Danger Mouse is a special character. Not many a man can collaborate effectively with everyone from MF DOOM to Beck. Yet he has, and Broken Bells is just the latest in this stunning series of partnerships. James Mercer of The Shins fame is at the forefront here, contributing vocals and guitars, but Danger Mouse (aka Brian Burton) warps this album into something more compelling than the subdued folkery that has rocketed Mercer to the throne of the American indie kingdom. Gone is the lonely strum of “New Slang” and resting in its place is the apocalyptic wail of “The Mall and Misery.” While not entirely dissimilar from his work on Beck’s latest album, this closing track is perhaps where Burton’s production is at its absolute best. The electronic loops and strings that lie under Mercer’s palm muted guitar and terse vocals allow the song to tense up, take off, and soar where a Shins song might patiently meander along.
Although he doesn’t make the album, Mercer is outstanding throughout. His lyrics aren’t particularly outstanding, but he delivers the lines convincingly enough that it doesn’t really matter what he’s saying. On the opener and lead single, “The High Road,” his tossed off vocal is slightly reminiscent of something Brendan Benson might have laid down on the better Raconteurs tracks. Burton, further exhibiting his mastery of modern production, takes Mercer out of his comfort zone on a few tracks and to good effect. “The Ghost Inside” bounces along and finds Mercer exploring the upper ranges of his falsetto (which makes him sound a lot like Evil Urges-era Jim James), and it works better in this context than it ever might have for My Morning Jacket. They revisit this bouncy tempo later on the album, albeit in a more traditional indie rock fashion, on the spastic guitar exercise October.” Continuing the theme of “music you never thought you’d hear the guy from The Shins sing over,” the bassline and keyboard fuzz on “Mongrel Heart” are more akin to something from Burton’s work with Gorillaz. Though as soon as Mercer comes in with those wordless harmonies, it’s clear that this isn’t just a synthesis of all of Danger Mouse’s indie rock-related projects, but something wholly original and uniquely entertaining.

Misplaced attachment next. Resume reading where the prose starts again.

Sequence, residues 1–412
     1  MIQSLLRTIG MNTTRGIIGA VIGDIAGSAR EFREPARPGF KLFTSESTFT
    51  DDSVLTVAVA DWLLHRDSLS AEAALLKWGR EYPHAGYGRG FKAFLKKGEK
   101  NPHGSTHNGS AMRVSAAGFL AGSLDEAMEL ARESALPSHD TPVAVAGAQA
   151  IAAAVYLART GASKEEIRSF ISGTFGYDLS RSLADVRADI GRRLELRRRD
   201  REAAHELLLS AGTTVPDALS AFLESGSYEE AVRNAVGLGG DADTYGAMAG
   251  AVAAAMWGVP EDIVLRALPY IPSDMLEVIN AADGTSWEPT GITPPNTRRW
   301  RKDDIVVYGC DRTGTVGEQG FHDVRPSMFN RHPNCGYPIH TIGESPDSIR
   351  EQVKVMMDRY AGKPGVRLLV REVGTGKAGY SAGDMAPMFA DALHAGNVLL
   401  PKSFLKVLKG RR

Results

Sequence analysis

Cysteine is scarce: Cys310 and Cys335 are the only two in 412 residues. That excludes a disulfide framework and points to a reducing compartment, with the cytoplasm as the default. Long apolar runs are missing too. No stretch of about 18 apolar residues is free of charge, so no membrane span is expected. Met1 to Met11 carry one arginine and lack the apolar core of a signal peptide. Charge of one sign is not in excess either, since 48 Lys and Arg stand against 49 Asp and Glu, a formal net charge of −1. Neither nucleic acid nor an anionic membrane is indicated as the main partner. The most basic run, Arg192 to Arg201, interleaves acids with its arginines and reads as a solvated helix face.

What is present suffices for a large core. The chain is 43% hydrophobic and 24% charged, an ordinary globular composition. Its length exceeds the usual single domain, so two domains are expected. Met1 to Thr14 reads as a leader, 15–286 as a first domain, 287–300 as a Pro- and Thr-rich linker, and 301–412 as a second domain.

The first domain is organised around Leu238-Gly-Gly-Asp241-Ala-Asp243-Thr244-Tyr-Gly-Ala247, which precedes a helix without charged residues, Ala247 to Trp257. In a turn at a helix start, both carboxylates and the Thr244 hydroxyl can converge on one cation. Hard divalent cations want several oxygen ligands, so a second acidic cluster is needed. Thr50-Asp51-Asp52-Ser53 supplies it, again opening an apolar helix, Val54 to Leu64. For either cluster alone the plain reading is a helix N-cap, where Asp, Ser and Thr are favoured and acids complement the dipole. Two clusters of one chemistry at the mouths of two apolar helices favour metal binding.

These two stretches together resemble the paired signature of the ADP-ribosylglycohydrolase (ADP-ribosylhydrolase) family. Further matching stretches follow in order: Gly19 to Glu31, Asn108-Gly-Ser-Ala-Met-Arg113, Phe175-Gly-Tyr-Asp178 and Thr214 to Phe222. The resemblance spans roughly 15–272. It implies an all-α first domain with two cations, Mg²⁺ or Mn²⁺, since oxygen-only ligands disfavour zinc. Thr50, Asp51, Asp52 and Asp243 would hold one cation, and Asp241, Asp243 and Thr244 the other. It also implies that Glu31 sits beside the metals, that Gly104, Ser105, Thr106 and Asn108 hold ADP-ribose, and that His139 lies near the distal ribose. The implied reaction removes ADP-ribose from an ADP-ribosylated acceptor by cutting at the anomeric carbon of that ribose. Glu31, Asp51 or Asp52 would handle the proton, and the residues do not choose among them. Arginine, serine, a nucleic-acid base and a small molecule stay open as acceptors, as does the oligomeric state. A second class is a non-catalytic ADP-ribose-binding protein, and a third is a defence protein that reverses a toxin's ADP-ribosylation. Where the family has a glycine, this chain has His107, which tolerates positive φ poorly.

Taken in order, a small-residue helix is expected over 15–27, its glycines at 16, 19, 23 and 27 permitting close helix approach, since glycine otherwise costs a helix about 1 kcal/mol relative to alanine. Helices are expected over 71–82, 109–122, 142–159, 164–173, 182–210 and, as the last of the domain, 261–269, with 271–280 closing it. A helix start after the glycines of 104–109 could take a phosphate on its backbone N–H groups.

Also like Modern Guilt, there are a few tracks that, when taken out of context, fall short of these obvious standouts. “Your Head Is On Fire” doesn’t deviate too much from Mercer’s established Shins formula. Its melody is certainly pretty enough, but Wincing the Night Away – and frankly the majority of Mercer’s recorded material – has treaded this territory before. The aforementioned “…Ghost Inside” represents the only real stylistic clash on the whole album. Mercer seems a bit uncomfortable atop Burton’s obligatory dancey beat, but you barely have time to notice before the song fizzes to an end amongst the burbling keyboards and segues into the subdued Radiohead nod of “Sailing to Nowhere.”
Even though the “supergroup” moniker hasn’t been tossed around in regards to Broken Bells, it’s a project that seems more deserving of such a title than many recent bands who have received it. I’m looking at you, Tinted Windows.